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Video: Underwater adventures at the Horniman Museum
Ever wondered about the creatures which plumb the depths of the coral reef? HELOISE WOOD gets a guided tour of the Horniman Museum to learn more.
"ONE square metre of coral reef in this area contains the same number of species as a hectare of Amazonian rainforest," said Horniman Museum aquarium curator Jamie Craggs.
As he showed me the underwater world he captured on film I was sure the sound of my jaw hitting the floor could be heard echoing through the corridors.
Rainforest of the Sea features a range of spectacular photos he took whilst working as an underwater cameraman off the coast of Borneo, southeast Asia, in 2003.
He pointed to a photo showing a turtle silhouetted in a wave and said: "You have to mimic the movement of water when you’re underwater and not breathe because the bubbles will disturb them.
"You’re not taught how to do it - it’s just trial and error."
The nature expert said during the six month Borneo experience he lived in a shack and could see waves beneath the planks of his bedroom floor.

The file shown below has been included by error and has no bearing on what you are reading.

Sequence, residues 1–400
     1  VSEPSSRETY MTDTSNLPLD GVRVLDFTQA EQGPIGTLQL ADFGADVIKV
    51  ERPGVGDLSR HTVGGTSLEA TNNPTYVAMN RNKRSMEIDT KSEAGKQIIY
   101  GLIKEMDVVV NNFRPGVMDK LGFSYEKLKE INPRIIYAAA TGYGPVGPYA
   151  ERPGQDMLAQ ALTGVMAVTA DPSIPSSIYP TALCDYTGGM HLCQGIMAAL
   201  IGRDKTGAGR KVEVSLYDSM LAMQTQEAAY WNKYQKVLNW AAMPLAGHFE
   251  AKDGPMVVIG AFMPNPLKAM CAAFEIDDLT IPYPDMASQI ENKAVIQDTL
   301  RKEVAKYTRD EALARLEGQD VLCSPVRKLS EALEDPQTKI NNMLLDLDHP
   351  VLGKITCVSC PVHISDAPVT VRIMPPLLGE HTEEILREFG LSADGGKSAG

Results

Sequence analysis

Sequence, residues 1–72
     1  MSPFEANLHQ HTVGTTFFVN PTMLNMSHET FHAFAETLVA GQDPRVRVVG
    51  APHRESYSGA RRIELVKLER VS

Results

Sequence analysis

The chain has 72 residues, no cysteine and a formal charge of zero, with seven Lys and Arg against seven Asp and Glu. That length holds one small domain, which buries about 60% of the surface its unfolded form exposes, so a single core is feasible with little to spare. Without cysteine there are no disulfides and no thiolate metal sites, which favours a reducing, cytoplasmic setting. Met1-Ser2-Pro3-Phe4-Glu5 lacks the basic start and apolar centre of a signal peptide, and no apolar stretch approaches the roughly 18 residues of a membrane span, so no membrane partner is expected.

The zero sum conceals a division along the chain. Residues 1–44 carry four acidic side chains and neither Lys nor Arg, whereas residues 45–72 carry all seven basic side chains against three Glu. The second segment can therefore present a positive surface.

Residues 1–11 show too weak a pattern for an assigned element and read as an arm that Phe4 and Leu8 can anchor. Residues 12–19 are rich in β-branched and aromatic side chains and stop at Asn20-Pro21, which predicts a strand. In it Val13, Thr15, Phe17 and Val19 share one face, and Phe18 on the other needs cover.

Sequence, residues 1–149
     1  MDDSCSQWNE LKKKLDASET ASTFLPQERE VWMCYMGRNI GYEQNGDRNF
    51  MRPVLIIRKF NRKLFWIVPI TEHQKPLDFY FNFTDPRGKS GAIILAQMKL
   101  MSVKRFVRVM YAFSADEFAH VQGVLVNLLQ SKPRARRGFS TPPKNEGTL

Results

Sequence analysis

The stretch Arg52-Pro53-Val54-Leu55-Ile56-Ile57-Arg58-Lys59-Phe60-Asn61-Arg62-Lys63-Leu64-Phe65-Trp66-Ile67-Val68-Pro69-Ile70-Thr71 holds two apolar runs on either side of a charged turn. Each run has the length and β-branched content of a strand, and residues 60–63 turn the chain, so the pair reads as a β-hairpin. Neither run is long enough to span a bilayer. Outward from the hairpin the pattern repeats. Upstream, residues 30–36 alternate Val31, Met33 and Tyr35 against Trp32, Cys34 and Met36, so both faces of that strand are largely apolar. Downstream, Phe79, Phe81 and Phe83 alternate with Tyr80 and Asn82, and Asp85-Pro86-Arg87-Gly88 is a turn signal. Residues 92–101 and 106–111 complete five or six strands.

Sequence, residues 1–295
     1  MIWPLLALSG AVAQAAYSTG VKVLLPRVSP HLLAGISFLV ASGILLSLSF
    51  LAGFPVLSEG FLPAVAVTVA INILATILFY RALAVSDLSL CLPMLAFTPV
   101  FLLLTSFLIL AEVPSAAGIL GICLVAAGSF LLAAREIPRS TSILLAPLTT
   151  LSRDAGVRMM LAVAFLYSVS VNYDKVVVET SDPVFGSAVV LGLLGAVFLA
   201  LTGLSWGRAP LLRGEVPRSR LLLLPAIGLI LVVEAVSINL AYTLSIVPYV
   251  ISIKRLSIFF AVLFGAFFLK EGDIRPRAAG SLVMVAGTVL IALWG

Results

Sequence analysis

He said: "There was this one spot we called turtle tomb where all these turtles ended up in this one spot by mistake because it was an underwater cave, like a vacuum, and they couldn’t get out.
"The visibility was amazing because there was no sediment.
"Normally turtles don’t get lost because they have this incredible inbuilt GPS system so they can travel thousands of miles away."
Although Mr Craggs, a childhood David Attenborough fan, maintained he didn't have a favourite underwater animal, he recognised some capture people’s imagination more than others.
He said: "Everyone loves seahorses. The male gets pregnant and carries the baby round in a pouch like a kangaroo.
"They’re monogamous creatures and the man is always bugging the woman so he can get pregnant.
"We watch them do a little dance together each morning in the aquarium - it’s amazing to see."
The keen conservationist hopes the exhibition will draw attention to how the coral reef is being affected by climate change and certain trades.
He said: "Coral reefs have been around for 400 million years are jam-packed with life and colour. A quarter of all marine life is found on coral reefs yet they only cover 0.1 per cent of the ocean floor and they’re being diminished all the time."
Overfishing, pollution, climate change and increasing carbon dioxide causing ocean acidification, have resulted in around 25 per cent of the world’s reefs being functionally extinct.
Mr Craggs finished the tour by telling me how the museum’s founder - tea trader and philanthropist Frederick Horniman - wanted to "bring the world to Forest Hill". It seems this amazing exhibition reveals how much of that world is in danger.
Rainforest of the Sea runs until September 15 at the Horniman Museum, London Road, Forest Hill.
For more information, visit horniman.ac.uk